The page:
Data from: Frequency-dependent fitness in gynodioecious Lobelia siphilitica
Rivkin, Lillian Ruth; Case, Andrea L.; Caruso, Christina Marie (2015), Data from: Frequency-dependent fitness in gynodioecious Lobelia siphilitica, Dryad, Dataset, https://doi.org/10.5061/dryad.46nr8
Selection is frequency dependent when an individual's fitness depends on the frequency of its phenotype. Frequency-dependent selection should be common in gynodioecious plants, where individuals are female or hermaphroditic; if the fitness of females is limited by the availability of pollen to fertilize their ovules, then they should have higher fitness when rare than when common. To test whether the fitness of females is frequency dependent, we manipulated the sex ratio in arrays of gynodioecious Lobelia siphilitica. To test whether fitness was frequency dependent because of variation in pollen availability, we compared open-pollinated and supplemental hand-pollinated plants. Open-pollinated females produced more seeds when they were rare than when they were common, as expected if fitness is negatively frequency dependent. However, hand-pollinated females also produced more seeds when they were rare, indicating that variation in pollen availability was not the cause of frequency-dependent fitness. Instead, fitness was frequency dependent because both hand- and open-pollinated females opened more flowers when they were rare than when they were common. This plasticity in the rate of anthesis could cause fitness to be frequency dependent even when reproduction is not pollen limited, and thus expand the conditions under which frequency-dependent selection operates in gynodioecious species.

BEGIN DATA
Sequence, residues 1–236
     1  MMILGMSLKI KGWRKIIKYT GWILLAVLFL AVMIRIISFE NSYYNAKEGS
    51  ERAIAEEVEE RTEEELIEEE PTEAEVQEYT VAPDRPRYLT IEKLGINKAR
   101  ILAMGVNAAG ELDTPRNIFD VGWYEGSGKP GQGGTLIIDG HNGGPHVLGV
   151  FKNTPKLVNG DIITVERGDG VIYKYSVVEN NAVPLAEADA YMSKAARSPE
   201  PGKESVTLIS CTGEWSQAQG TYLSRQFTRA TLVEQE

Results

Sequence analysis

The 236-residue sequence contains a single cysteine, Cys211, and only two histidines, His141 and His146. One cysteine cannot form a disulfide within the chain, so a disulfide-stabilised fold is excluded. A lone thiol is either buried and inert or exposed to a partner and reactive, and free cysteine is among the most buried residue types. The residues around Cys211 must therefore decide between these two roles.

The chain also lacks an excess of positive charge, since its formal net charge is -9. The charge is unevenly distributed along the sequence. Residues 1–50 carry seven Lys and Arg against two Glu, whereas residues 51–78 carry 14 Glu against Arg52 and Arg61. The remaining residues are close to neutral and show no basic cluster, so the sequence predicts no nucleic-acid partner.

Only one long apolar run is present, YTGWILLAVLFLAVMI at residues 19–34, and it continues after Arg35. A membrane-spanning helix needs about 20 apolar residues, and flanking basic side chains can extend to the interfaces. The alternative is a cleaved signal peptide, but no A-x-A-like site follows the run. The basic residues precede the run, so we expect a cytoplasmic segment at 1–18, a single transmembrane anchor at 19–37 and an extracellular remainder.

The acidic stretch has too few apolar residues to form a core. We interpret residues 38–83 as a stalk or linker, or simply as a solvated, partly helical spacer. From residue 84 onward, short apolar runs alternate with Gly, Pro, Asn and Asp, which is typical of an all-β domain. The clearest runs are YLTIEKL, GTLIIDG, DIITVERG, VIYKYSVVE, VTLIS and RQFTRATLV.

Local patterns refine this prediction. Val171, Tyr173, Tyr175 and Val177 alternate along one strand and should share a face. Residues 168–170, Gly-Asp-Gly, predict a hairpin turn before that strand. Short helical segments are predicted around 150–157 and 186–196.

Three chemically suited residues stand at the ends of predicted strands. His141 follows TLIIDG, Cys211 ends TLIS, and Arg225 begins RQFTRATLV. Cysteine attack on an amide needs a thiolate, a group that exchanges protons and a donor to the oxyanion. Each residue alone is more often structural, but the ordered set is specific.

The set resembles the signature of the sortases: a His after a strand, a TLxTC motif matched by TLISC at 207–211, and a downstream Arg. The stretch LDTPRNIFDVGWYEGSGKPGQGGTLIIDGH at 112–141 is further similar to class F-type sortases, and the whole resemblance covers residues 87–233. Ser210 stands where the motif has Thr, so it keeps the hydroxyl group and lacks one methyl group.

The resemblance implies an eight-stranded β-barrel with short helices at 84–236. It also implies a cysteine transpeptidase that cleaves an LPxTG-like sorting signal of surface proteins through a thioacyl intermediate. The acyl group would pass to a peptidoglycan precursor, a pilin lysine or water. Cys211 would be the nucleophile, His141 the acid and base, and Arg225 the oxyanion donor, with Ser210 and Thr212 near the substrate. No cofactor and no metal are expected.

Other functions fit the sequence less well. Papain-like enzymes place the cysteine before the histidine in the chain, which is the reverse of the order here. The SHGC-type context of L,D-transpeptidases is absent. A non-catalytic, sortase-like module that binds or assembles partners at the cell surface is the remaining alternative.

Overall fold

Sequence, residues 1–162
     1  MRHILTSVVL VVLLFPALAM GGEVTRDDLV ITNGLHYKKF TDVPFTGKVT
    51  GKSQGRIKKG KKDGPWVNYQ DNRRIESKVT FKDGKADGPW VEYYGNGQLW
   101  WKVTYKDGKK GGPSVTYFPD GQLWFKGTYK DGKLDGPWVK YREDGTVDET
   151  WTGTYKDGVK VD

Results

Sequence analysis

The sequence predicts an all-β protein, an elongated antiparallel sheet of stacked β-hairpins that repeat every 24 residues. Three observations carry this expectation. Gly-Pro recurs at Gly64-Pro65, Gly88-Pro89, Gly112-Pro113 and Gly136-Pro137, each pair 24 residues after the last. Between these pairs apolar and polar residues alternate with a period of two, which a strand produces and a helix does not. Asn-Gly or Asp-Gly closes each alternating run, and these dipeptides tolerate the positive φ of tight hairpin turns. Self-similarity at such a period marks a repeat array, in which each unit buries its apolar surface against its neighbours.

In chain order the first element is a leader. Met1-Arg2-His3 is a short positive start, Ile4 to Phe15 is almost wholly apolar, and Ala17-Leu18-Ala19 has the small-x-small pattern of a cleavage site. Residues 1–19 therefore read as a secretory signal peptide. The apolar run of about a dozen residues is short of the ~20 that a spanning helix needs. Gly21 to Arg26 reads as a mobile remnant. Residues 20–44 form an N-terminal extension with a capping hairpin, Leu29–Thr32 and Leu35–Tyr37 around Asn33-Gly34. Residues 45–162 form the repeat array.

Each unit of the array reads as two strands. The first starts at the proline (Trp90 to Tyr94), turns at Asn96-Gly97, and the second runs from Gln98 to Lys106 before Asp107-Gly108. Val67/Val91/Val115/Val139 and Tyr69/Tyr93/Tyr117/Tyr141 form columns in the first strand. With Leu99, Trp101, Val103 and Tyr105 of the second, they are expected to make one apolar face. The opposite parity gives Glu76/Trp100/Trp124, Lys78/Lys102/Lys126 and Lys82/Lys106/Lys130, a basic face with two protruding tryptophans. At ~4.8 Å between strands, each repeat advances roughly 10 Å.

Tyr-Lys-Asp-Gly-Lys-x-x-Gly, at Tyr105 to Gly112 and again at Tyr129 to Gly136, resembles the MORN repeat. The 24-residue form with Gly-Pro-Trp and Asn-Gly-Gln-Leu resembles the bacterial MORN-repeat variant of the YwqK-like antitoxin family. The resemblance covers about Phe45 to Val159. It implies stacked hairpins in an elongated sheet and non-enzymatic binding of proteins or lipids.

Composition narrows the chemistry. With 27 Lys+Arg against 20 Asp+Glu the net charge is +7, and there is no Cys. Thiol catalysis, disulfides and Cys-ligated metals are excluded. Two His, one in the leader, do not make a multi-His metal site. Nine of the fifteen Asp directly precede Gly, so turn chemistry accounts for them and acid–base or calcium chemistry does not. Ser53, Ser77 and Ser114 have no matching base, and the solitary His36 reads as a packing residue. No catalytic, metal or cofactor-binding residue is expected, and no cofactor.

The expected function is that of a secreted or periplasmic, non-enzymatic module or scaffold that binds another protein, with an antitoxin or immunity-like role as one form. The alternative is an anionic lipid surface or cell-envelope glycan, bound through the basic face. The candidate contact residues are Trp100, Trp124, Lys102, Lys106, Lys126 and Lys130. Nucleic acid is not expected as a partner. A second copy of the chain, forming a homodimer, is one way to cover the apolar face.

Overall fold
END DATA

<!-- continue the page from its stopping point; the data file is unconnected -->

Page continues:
Eastern North America